by VR Sreeraman on  September 13, 2007 at 6:37 PM Health Insurance News
US Health Insurance Costs Rise Nearly Twice as Fast as Pay: Survey
The cost of health insurance in the United States climbed nearly twice as fast as wages in the first half of 2007, with family coverage costing employers around 1,000 dollars (714 euros) a month, a poll showed Wednesday.

Premiums for employer-sponsored health insurance rose an average of 6.1 percent in 2007, while wages went up by 3.7 percent, the Employer Health Benefits Survey released by the Kaiser Family Foundation and the Health Research and Educational Trust showed.

The 6.1 percent rise in health insurance premiums marked a slowdown from the rate of increase last year, but also strongly outpaced inflation, running at 2.6 percent.

"In 2007, the increase in health insurance premiums was about twice the rate of inflation and not quite twice the increase in workers' pay," Kaiser vice-president Gary Claxton said in a webcast.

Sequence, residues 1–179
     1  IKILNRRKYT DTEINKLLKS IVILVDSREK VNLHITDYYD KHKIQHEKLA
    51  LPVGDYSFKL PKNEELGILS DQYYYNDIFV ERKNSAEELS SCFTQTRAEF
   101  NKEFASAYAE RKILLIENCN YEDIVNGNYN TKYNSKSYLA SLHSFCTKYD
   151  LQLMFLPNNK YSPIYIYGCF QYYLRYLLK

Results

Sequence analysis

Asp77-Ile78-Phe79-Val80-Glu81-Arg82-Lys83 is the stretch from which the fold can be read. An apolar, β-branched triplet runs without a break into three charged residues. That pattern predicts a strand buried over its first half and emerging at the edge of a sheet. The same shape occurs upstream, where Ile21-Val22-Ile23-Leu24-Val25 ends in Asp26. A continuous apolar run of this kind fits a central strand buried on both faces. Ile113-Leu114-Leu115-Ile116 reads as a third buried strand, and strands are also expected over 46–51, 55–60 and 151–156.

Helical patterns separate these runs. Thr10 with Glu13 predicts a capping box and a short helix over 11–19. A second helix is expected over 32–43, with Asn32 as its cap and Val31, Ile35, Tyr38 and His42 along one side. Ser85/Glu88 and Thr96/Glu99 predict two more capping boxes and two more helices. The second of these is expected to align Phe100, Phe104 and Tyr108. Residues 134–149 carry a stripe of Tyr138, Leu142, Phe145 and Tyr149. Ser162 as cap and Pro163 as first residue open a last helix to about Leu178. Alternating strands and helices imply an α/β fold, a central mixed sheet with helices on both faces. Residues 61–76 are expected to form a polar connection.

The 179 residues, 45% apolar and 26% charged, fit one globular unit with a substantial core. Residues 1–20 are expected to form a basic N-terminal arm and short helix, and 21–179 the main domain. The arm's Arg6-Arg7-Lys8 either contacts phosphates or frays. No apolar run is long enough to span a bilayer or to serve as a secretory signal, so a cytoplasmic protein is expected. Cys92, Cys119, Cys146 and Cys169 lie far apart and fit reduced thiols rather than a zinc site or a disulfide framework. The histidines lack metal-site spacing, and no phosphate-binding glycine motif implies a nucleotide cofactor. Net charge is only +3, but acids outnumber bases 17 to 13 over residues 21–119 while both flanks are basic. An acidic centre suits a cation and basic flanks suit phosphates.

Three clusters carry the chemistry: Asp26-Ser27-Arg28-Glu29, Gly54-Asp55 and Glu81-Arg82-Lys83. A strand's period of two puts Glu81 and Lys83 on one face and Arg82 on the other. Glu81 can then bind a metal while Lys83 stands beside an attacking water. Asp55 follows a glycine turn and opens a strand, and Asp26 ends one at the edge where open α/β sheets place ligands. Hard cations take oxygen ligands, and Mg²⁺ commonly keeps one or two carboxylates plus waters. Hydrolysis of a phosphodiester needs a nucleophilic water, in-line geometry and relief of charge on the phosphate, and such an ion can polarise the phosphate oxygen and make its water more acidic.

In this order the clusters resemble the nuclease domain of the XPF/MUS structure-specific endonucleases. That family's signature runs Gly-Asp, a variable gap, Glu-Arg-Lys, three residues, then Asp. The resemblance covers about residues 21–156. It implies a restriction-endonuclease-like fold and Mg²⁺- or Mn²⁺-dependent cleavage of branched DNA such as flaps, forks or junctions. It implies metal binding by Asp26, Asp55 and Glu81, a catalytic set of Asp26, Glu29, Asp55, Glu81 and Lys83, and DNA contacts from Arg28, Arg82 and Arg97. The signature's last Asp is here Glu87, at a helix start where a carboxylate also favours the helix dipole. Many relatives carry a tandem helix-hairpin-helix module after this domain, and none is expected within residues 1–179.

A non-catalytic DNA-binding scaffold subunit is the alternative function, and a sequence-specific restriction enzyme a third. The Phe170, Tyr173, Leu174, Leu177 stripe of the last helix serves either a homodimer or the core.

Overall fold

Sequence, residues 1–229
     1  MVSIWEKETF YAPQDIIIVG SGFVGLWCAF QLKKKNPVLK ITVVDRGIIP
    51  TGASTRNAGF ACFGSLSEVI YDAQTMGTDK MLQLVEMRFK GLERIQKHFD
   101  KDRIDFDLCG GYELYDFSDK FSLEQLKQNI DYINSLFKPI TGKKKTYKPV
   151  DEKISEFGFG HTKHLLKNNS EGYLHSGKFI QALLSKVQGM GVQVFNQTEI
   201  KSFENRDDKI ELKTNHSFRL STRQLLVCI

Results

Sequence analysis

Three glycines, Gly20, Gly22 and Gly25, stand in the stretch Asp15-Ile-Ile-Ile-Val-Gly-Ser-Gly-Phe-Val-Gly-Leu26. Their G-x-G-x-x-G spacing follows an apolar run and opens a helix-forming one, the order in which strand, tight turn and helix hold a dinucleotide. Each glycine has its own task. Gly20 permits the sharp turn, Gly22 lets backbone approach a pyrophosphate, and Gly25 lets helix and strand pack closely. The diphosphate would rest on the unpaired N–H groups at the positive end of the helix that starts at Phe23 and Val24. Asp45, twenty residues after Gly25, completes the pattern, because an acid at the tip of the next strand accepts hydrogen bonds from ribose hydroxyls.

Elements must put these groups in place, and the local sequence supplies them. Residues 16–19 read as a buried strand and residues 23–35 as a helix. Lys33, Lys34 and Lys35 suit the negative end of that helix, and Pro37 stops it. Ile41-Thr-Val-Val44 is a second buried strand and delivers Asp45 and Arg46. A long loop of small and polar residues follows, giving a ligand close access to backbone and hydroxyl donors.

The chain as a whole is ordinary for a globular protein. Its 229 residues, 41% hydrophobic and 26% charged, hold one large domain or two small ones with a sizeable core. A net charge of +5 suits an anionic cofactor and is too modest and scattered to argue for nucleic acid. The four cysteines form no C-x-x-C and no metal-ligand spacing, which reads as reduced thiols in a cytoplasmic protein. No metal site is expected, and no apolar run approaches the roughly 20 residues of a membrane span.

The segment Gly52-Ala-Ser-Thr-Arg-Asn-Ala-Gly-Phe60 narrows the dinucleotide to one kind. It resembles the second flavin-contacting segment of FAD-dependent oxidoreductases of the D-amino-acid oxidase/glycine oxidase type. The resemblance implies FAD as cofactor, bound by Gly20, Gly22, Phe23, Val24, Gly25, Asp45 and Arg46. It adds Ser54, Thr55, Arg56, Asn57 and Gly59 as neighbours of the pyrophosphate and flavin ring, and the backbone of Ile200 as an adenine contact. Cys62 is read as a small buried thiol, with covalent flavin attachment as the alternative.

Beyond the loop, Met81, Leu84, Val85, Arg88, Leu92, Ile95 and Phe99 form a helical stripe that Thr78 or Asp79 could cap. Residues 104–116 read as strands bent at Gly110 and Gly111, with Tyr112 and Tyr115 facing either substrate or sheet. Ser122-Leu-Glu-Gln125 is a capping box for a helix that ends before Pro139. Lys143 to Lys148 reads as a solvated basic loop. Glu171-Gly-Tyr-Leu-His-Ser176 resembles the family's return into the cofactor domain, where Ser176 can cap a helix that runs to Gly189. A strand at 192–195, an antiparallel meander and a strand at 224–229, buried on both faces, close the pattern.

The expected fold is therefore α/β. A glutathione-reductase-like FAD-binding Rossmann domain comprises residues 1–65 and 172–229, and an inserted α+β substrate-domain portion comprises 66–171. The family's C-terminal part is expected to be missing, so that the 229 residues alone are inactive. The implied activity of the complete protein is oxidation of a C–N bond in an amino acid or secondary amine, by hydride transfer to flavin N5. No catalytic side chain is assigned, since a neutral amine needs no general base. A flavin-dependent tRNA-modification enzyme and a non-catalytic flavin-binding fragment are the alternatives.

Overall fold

Premiums for family coverage have surged by 78 percent since 2001, while wages have gone up 19 percent.

The average premium for family coverage in 2007 was just over 12,000 dollars, with workers having to pick up part of the cost.

Workers contributed, on average, 273 dollars a month towards family health coverage packages, up from 248 dollars last year, the survey, which polled just over 3,000 public and private employers with three or more workers during the first five months of 2007, showed.

"Every year health insurance becomes less affordable for families and businesses. Over the past six years, the amount families pay out of pocket for their share of premiums has increased by about 1,500 dollars," Drew Altman, chief executive of Kaiser, said in a statement.

Employers in the United States offer health insurance packages as a worker benefit.

In 2007, 60 percent of US firms offered health benefits.

That was down by nine percentage points on companies offering health care packages in 2000, the survey showed.

Low-paid workers were found to have the fewest healthcare options, because the small firms they tend to work for are less likely to offer coverage.

The high cost of premiums was cited as a main reason firms fail to provide healthcare coverage to their employees.

A survey released last month by the US Census Bureau showed that 47 million people had no health insurance in the United States last year, up from 44.8 million in 2005.

Source: AFP

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